Lewis Hamilton has reaffirmed his status as the most successful driver in Formula 1 history after notching up his 100th race win at the Russian Grand Prix on 26 September.
The first driver in Formula 1 history to achieve 100 victories, Hamilton’s milestone came at a rain-affected Sochi race that was perhaps more memorable for Lando Norris’s blunder that cost him his first F1 win.
Hamilton’s decision to pit for intermediate tyres in wet conditions late in the race meant he ultimately won easily, finishing ahead of his main title rival, Red Bull Racing’s Max Verstappen, to retake the lead in the drivers’ championship.
“Wow… 100! It’s taken a long time and I wasn’t even sure the 100th would come!” Hamilton joked, referencing the fact that the Sochi win was only his second victory from the previous eleven races.
“I lost a lot of ground at the start, just trying to stay out of trouble (but) I was patient. Of course, I didn’t know what the rain was doing, it was just my feeling but I’m incredibly grateful to the strategy team for the job they did.
“Getting anywhere near 100 victories wouldn’t be possible without the hard work of the men and women here and back at the factory, I’m so grateful to them - it just feels so special.”
The 100th win for Hamilton comes 15 years after his first, which was at the Canadian GP in 2007. That race was also the Brit’s first F1 pole. Of those 100 victories, 79 have been achieved in a Mercedes and 21 in a McLaren, where Hamilton started his F1 career.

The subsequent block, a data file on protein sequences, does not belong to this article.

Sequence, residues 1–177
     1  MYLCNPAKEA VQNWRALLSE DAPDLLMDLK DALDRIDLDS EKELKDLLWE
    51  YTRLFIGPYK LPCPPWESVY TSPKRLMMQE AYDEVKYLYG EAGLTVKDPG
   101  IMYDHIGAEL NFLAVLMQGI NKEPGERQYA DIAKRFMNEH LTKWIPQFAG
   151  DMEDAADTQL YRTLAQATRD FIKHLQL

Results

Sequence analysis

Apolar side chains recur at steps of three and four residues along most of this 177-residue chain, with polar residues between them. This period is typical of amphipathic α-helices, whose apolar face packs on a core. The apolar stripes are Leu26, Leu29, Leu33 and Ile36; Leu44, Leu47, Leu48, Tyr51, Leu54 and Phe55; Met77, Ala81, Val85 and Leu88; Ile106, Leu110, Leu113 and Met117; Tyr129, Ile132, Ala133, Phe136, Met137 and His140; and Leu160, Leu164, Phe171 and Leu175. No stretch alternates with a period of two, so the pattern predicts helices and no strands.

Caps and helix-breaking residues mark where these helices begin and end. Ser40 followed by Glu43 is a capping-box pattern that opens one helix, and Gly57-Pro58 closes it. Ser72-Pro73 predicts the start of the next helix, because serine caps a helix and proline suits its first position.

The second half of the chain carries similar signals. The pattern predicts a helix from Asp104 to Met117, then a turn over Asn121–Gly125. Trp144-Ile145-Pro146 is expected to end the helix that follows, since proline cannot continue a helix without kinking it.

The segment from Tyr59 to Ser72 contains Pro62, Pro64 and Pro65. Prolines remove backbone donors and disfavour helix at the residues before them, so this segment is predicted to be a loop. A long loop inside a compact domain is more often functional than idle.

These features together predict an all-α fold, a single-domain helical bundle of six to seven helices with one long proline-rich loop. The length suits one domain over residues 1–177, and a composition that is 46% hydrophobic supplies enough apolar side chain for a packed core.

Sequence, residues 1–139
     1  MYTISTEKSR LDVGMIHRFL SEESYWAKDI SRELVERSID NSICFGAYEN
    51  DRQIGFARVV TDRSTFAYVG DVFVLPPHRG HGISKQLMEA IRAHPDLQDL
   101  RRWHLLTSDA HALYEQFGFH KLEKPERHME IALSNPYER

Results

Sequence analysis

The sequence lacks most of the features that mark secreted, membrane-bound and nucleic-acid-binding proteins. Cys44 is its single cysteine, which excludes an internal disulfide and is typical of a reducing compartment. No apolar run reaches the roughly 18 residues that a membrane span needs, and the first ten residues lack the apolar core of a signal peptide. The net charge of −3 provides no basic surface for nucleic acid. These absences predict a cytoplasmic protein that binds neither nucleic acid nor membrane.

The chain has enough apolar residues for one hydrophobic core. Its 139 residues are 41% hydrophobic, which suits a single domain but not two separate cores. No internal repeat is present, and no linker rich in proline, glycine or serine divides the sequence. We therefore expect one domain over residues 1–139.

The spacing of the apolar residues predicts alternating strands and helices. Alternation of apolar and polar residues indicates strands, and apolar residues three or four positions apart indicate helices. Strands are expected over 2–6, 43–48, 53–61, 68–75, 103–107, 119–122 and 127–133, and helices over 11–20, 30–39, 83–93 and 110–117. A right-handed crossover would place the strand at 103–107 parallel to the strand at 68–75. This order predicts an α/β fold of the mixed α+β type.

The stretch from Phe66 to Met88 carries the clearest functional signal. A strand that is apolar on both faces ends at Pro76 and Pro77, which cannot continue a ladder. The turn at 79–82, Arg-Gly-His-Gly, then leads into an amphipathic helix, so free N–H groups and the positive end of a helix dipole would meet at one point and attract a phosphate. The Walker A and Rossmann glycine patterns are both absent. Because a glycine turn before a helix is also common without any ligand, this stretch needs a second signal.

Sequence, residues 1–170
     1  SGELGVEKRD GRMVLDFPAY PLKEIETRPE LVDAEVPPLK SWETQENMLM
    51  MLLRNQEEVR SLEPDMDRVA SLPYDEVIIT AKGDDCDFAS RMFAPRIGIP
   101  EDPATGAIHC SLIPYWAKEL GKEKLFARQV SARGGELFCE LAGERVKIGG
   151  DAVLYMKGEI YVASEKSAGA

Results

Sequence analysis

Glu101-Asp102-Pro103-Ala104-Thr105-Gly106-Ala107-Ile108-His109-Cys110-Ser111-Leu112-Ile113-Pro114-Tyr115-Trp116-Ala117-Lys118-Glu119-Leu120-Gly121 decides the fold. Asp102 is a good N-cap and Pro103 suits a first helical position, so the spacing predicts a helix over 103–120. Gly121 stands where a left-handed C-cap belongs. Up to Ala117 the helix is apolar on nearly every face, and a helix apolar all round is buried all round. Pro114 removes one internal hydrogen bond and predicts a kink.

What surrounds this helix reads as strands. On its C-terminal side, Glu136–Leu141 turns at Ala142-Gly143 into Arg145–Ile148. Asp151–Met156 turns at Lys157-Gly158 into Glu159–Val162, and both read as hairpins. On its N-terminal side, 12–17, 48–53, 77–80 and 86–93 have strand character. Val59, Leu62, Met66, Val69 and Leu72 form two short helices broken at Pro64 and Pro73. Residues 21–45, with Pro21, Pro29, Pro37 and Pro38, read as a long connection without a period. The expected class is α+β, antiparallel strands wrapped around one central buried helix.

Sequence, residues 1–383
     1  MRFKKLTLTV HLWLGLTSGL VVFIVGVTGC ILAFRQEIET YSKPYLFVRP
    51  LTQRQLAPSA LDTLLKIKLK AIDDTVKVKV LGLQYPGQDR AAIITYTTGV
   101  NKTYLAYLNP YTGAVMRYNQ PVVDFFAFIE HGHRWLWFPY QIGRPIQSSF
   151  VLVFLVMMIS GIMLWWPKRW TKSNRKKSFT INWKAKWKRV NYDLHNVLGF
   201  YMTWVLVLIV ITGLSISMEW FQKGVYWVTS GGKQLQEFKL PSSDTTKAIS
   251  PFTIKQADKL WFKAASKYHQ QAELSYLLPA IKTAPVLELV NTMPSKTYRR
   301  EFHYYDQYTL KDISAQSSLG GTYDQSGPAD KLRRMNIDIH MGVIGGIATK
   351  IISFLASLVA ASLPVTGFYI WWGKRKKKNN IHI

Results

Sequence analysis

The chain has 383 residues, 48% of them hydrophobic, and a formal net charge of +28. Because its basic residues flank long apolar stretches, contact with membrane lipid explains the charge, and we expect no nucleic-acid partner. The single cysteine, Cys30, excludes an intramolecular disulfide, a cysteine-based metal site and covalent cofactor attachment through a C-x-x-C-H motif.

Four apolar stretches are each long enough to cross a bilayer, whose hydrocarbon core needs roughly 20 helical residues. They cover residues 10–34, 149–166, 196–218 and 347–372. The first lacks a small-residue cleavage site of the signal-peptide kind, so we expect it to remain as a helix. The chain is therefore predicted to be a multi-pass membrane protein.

At time of writing, Hamilton has been most successful at the Hungarian and British Grands Prix, with eight wins apiece at each. But at the Australian Grand Prix, Hamilton has won only twice – 2008 and 2015.
Mercedes F1 team boss, Toto Wolff, said that the magnitude of Hamilton’s achievement won’t be truly recognised for some time.
“What we are witnessing is just mind-blowing. It’ll only be years down the line when we realise that we’ve all been part of this journey - a journey no other driver in F1 history has done so far,” Wolff said. “A big congratulations to Lewis on his 100th win.”
While debate will continue over whether Hamilton is the greatest F1 driver of all time, on pure numbers – including race wins, podiums and championships – he has already eclipsed virtually every other driver past and present, including Michael Schumacher, who held many of the records Hamilton has broken in recent years.
Hamilton already has more race wins, podiums and pole positions than Schumacher, and should he win this year’s drivers’ world championship, he will have more titles, too, eclipsing Schumacher’s seven world championships. That’ll leave only one meaningful measure where the German has the advantage - fastest laps – which sits at 77 to 57 in Schumacher’s favour at time of writing.